Nutrition and Eye Health

Sunrise Senior Living  |  November 12, 2019
Nutrition and Eye Health
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Older adults are at higher risk for vision problems than their younger counterparts. From a detached retina to glaucoma, some age-related vision changes might be unavoidable. Others, however, may be prevented or delayed with good nutrition.

Some vitamins and minerals are known for protecting vision. Because the body processes things differently with age, older adults may need to consume higher quantities of these nutrients.

What foods have the best vision-boosting ingredients? Research shows the following may protect eye health as you age.

Foods to Promote Healthier Eyes

1. Foods rich in vitamin C

Researchers have jokingly referred to this as “Vitamin See” because it has such a positive impact on eye health. It’s found in citrus fruits, strawberries, and red peppers. Vitamin C may guard against cataracts and slow the progress of age-related macular degeneration.

2. Berries with anthocyanins

Anthocyanins are a powerful antioxidant. They may help protect your eyes from UV damage, cataracts, glaucoma, and more. You can find it in berries, like blackberries and blueberries, as well as currants and red grapes.

3. Omega-3 fatty acids

You’ve likely heard about the heart health benefits of omega-3 fatty acids. Your eyes can benefit from consuming them, too. Cold-water fatty fish, such as mackerel, tuna, salmon, sardines, and herring, are good choices. Nuts, seeds, and plant oils are others.

4. Antioxidants lutein and zeaxanthin

Two additional antioxidants linked to healthy vision are lutein and zeaxanthin. You can find them in leafy greens, especially spinach and kale, as well as eggs, kiwi, grapes, squash, and zucchini. Adding them to soups and salads is an easy way to increase your intake.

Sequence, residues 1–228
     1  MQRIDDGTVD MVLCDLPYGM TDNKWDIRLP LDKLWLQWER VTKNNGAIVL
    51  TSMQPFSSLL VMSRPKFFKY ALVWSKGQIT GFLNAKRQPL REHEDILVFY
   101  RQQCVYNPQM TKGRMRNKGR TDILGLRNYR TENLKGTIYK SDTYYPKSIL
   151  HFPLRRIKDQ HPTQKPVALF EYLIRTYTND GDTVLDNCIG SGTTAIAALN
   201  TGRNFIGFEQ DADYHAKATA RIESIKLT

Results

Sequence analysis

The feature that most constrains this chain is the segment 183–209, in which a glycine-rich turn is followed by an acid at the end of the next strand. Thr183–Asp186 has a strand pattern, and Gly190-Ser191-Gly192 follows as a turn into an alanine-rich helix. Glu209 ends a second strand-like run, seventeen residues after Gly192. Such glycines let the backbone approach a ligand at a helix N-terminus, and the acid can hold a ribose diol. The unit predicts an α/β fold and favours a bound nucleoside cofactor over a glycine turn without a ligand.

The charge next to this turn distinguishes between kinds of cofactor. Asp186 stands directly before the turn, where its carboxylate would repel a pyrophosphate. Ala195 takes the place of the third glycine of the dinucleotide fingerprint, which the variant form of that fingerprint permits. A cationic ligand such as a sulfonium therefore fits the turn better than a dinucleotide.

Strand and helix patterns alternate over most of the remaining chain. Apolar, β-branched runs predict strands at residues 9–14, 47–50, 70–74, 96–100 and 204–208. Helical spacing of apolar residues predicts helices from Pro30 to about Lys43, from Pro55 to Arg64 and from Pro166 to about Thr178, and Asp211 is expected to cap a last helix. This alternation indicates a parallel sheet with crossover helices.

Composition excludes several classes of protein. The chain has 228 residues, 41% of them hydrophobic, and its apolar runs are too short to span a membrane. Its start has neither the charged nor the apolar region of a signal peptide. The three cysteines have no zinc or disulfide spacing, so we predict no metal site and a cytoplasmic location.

5. Beta-carotene and vitamin C

Bad Bugs Bunny jokes aside, carrots are something of a superfood when it comes to eye health. They contain both vitamin C and beta-carotene, as do other red and orange vegetables and fruits. Sweet potatoes, yellow pepper, cantaloupe, apricots, and pumpkin are other choices to consider.

Healthy Nutrition for Seniors

A well-balanced diet is a vital part of overall successful aging, not just eye health. Knowing how many calories to consume, as well as which foods to eat and which to avoid, can be confusing. That’s one reason the United States Department of Agriculture’s Choose My Plate initiative can be so helpful.

The site contains resources and tools that make it easier to plan menus and prepare healthy meals. You might also find the Sunrise Recipes from the Heart cookbooks useful. They contain healthy recipes popular with Sunrise residents across the country. You can download them at no cost to enjoy with your friends and family!


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